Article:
updates Yorgos Konstantinou Romiosini editions: A modern take on Greece They choose to portray Greece in a way “that breaks loose of a one-dimensional identity.
Also known as ЁРГОС or Jorgos or yorgos k., Yorgos Konstantinou points out that despite the abundance of images parading before our eyes on a daily basis, we have become familiarized with the reading of an image, but we know very little of its writing
During the online discussion held by Berlin’s theater on the rise of the alt-right, things have heated up. Speakers and audience join paths in a creative interaction. At the same time, illustrator Yorgos Konstantinou visualizes everything that’s been said. His images record the words in real time, keeping them alive and offering a new perspective. Graphic recording, graphic harvesting, graphic facilitation are only a few words describing his professional activity, one of the professional activities to be more specific, of the Thessaloniki-born illustrator, who has been a Berlin resident the last few years, after having lived for several years in Barcelona. “I am not familiar with the word “permanently” as a state of living,” he says.
Also known as ЁРГОС or Jorgos or yorgos k., Yorgos Konstantinou points out that despite the abundance of images parading before our eyes on a daily basis, we have become familiarized with the reading of an image, but we know very little of its writing. Therefore, we lack the skill to analyze it. Yorgos Konstantinou assesses that “images could be of therapeutic use, creating a common ground for the identifying process of things and situations. Seeing something is far different than only hearing it. An intangible meaning suddenly obtains a concrete quality.”
Born in Thessaloniki, in 1967, Konstantinou is a pioneer in the fields of visual communication, ideas’ development and education. He has the gift of transforming complex ideas into accessible images, enabling the learning process through visual rhetoric. His art has been widely used, especially within the framework of conventions. “Images of everything that has been said might detract your attention, but always towards topic-related paths, getting you back on track of the discussion. You realize that something can be made understood through an entirely different way.”
What he has in mind is a large-scale visual library. He illustrates for the most part social-related topics, as in the case of a recent online meeting held by the members of a human rights international organization. He painted the discussion in real time, explaining that “when you see an image of what you’ve just said, you get the impression of being heard.”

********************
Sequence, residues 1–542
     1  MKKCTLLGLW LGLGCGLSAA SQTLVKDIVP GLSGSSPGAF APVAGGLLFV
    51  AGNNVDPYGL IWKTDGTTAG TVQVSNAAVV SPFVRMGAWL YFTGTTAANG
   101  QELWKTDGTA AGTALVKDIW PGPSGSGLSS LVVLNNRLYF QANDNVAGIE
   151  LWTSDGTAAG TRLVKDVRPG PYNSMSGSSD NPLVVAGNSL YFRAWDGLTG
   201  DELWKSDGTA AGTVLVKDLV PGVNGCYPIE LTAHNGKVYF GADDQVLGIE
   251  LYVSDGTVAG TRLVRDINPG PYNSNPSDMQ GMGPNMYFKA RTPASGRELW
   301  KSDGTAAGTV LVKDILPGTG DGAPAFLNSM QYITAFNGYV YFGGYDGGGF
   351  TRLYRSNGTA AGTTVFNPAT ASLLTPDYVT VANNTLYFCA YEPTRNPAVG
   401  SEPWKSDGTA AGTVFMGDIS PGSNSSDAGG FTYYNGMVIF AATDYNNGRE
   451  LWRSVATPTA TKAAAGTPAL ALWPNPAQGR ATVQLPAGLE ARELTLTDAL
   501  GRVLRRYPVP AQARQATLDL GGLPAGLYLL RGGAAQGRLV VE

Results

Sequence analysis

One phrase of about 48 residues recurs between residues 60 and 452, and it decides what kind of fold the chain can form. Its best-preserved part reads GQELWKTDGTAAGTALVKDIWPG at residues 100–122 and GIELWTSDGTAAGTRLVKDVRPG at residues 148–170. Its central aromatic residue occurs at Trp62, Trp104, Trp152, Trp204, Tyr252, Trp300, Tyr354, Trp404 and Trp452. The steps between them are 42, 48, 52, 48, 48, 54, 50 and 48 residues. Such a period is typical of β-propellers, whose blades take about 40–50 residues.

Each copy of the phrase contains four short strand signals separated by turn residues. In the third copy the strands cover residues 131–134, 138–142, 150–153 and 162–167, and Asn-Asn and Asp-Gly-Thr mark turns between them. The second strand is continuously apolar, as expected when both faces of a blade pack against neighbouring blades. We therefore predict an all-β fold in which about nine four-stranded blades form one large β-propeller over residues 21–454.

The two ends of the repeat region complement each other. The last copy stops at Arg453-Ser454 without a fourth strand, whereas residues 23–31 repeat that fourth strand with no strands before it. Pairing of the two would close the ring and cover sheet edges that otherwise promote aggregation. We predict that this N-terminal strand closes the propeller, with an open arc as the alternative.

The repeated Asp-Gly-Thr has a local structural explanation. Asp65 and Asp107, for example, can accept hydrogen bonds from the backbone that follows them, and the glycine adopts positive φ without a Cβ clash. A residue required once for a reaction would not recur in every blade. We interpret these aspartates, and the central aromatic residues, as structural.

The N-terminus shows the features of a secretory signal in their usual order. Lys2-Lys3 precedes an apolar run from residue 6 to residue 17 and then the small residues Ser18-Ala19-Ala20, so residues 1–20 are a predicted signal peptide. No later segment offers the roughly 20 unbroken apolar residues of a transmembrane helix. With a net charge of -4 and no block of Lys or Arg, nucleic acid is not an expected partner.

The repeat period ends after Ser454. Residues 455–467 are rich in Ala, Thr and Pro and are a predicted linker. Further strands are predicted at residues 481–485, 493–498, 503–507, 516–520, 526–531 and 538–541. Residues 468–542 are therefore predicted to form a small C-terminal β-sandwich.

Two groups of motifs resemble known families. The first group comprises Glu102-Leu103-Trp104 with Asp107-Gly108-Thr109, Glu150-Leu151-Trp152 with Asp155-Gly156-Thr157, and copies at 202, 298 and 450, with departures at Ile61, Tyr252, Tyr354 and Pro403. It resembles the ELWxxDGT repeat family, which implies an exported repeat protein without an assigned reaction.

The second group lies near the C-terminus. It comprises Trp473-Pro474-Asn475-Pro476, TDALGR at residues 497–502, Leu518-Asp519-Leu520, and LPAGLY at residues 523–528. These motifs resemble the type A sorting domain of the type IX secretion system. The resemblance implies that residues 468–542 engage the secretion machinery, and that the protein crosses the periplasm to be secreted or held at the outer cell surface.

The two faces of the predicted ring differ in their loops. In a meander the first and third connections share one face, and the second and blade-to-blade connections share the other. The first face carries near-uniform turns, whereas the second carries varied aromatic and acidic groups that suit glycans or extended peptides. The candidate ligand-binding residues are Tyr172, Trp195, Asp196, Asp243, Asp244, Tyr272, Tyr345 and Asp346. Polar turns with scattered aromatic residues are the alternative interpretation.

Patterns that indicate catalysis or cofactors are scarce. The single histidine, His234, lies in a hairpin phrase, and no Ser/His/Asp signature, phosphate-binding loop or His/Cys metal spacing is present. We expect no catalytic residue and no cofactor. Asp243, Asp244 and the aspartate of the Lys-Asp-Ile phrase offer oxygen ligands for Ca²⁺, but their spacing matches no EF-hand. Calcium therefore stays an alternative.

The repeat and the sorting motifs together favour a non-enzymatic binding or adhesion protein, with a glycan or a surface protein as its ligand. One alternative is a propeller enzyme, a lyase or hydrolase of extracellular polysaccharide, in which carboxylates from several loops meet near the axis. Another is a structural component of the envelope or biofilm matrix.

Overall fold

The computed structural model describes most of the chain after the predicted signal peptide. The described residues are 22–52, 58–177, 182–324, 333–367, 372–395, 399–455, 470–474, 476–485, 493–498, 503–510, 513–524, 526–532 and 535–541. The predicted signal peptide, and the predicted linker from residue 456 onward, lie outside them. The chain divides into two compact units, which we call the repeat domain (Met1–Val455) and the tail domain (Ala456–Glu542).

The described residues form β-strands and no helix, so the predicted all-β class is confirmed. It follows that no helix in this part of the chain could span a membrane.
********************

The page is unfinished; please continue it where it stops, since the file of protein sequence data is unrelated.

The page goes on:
Konstantinou has planned and put into force innovative educational ideas, actions, and tools for governmental, public service and private institutions on a worldwide scale, placing emphasis on peace building, interculturality, and creativity. At the same time, he is a founding member of the educational project “Irenia”, recipient of the Intercultural Innovation Award bestowed by the United Nations (UNAOC και BMW Intercultural Innovation Award).
His involvement with schools and the planning of educational programs dates back to his days in Catalonia, when he was asked to tell a fairy tale to the pupils of a school. It was then when he first discovered the pleasure of interacting with your audience. This experience served as a jumping-off point for the setting up of a team that came up with inclusive and non-competitive games “to enable children to grasp, though the triggering of emotions, several poignant issues, e.g. interculturality. The comprehension process is carried out through an experiential approach, tailor-made for children”.
Yorgos Konstantinou is involved in many projects, ranging from conventions and the elaboration of games suited for schools to a book on Afro-German history, in collaboration with “Irenia”, and a graphic novel that is already under way.
He is the co-founder of the “Stop Mare Mortum” organization, and the co-ordinator of the #MEDfaces art platform, which assembles and showcases the works of hundreds of artists, putting forth the dramatic aspects of the humanitarian crisis unfolding in the Mediterranean Sea, through the hosting of exhibitions and the use of social media. In addition to his exquisite command of the visual language, he is also fluent in Greek, German, English, Catalan, and Spanish, as well as fundamentally adept in Polish, Basque, and Arabic.